So, after you get through the mortgage consultant stage, you are charged a pretty significant application fee, which also includes the appraisal fee.  Then you have to fight your way through three boss levels to succeed in your goal of a mortgage.  And each one is going to be pickier than the rest.  I thought I was being proactive in providing a scan of the cleared check proving that I bought out my ex’s share of the property.  Nope.  That just raised red flags.  “Where did you get that money from?”  Are you fucking serious?  That’s pretty much none of your business.

But you know what?  It is their business.  And you know why?  Scammers.  God damn scammers.  Why would they ask that?  Well, what if I cashed out equity in another property to cut that check?  What if I cashed out my 401k for that money?  To you and me, that doesn’t matter.  It’s my money and I’ll use it however I want.  It doesn’t matter if that money came from equity (it’s my money), a 401k (it’s my money), or from saving from my paycheck (it’s my goddamn money).  But to them, the source of the money can be a liability.  And actually, the money is nothing more than a reduction in my net worth, which is something that is very important to them.  No bank wants an over-extended client struggling to pay his mortgage.

How did this come about?  Because scammers.  Because people scammed the system and got away with it.  And now everyone has to suffer and prove that they are not a scammer, too.  Because their actions resulted in a lot of regulation forcing a separation of concerns.  There is absolutely no way for collusion in this structure.  No one talks to the underwriter.  No one talks to the appraiser.  It’s like offering sacrifices to some pagan god and hoping for acceptance.

SpamBastard–1aauto.com

I had an application idea at one time and actually finished writing it, but ended up never doing anything with it once it was live.  It was spambastard.com and its purpose was to catch companies that would sell, lose, or otherwise mishandle your email address info.  The concept was simple.  You sign up for their site using their domain name @spambastard.com and if any email comes in with a mismatch between the FROM domain name and the TO domain name (as the username, before the @), the email address would be considered compromised.

That domain and application is long dead, but I’ve been able to replicate the same concept with my personal email domain.  That eliminates the hassle of creating a second account for every site I sign up for (one with my real email and one with a spambastard email).  To date, I’ve only had a few cases where I’ve had to take action.  Those cases are:

  • albumartexchange.com – There are many people including myself who posted on their forum and complained that they received PayPal phishing emails to their unique email address.  The website did not respond.
  • lakelandlelectric.com – That debacle was chronicled already.  The utility company did follow up with an explanation of how it happened and how the process was unfortunately legal.  They said they would push for tougher laws on keeping customer information private.  This prompted a follow-up email from the spammer who was incredulous that government would try to reduce transparency.  See, transparency is only good when it works in your favor.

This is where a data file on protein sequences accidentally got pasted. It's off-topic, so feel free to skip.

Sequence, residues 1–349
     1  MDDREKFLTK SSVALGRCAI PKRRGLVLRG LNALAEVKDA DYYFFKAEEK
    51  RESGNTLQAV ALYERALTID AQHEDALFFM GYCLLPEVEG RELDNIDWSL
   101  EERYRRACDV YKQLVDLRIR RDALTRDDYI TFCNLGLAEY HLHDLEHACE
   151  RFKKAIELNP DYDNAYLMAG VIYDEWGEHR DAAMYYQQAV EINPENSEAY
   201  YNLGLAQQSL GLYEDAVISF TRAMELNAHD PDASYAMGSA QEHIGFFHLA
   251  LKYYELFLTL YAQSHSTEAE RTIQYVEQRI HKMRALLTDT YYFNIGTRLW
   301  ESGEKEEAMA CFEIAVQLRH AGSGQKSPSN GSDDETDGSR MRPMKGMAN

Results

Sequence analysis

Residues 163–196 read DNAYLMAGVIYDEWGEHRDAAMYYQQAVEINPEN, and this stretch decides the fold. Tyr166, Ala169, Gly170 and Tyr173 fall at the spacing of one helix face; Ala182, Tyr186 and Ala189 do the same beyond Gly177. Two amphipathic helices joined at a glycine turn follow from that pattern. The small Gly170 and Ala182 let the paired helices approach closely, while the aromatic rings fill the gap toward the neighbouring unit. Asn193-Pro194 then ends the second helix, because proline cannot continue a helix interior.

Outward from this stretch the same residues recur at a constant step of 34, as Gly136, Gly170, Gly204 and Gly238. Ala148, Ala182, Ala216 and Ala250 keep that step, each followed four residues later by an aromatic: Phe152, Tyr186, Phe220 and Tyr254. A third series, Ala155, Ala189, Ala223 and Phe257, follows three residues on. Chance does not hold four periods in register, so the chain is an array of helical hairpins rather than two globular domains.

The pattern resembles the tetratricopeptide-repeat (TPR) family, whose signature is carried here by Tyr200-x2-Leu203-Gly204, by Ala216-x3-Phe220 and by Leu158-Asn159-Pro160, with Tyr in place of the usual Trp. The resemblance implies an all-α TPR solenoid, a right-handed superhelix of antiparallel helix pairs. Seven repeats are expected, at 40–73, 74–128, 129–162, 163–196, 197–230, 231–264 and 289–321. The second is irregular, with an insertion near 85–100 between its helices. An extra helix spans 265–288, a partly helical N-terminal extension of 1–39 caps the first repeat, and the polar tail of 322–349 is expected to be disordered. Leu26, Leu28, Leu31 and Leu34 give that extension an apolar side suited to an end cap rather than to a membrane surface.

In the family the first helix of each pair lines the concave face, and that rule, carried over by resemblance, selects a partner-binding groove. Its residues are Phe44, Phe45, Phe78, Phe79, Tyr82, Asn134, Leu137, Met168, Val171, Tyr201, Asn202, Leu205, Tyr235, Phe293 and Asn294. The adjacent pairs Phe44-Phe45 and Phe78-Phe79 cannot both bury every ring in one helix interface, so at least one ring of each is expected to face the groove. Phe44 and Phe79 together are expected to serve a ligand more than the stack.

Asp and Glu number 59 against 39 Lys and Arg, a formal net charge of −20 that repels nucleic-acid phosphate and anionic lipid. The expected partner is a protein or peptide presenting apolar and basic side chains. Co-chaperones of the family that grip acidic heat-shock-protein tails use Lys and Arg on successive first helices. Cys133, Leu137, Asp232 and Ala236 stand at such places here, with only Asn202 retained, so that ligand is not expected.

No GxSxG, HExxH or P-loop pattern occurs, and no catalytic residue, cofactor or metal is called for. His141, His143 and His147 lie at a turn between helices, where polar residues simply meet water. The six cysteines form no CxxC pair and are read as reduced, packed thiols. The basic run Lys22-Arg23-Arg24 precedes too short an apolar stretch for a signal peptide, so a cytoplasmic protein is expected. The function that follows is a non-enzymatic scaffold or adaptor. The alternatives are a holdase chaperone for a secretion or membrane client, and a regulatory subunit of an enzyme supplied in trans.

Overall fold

• paypal.com – This got compromised after only nine people knew of its existence.  Whether it was sold or stolen, I don’t know for sure, but I am pretty confident that some eBay seller has a compromised account and a spammer is looting their customer list.

Now we can add to the list – 1aauto.com.  I placed an order with their site in January (remember when the punks broke the mirror off my car?).  Today, I get a political email from John Kasich’s New Day For America to that email.  So I immediately send a message to 1aauto.com saying they’ve either sold or given away my info or their customer database has been hacked.  So which is it?  I got a pretty quick response.

Hello and thank you for your email.

I do apologize that you received a spam email to your account. I can assure you that your information is secure and we have not experienced any kind of hacking. We do keep our customer information confidential and secure and have several measures put in place to prevent against fraud and stolen identity.

Thank you for notifying us. We will keep tabs on this and look into what we can do to prevent this from happening in the future.

So, I guess the answer is the owner sold out his customers to promote his choice of political candidate.  The fact that this happened at all negates the statement “We do keep our customer information confidential“.  As far as what they can do to prevent it from happening in the future, that’s simple.  Don’t do what you did again.

Thanks to spam law requirements, the spam email footer confirms the email address that it was sent to.  It tells me that I was added to the list on 2/24/16 via opt-in (gee, I don’t remember that), and gives me ways to unsubscribe.

There’s no sense in unsubscribing.  The email address is out in the wild and is now worthless.  Do I want to spend my life unsubscribing from every email campaign that gets that email or do I want to kill off the email?  The choice is pretty simple.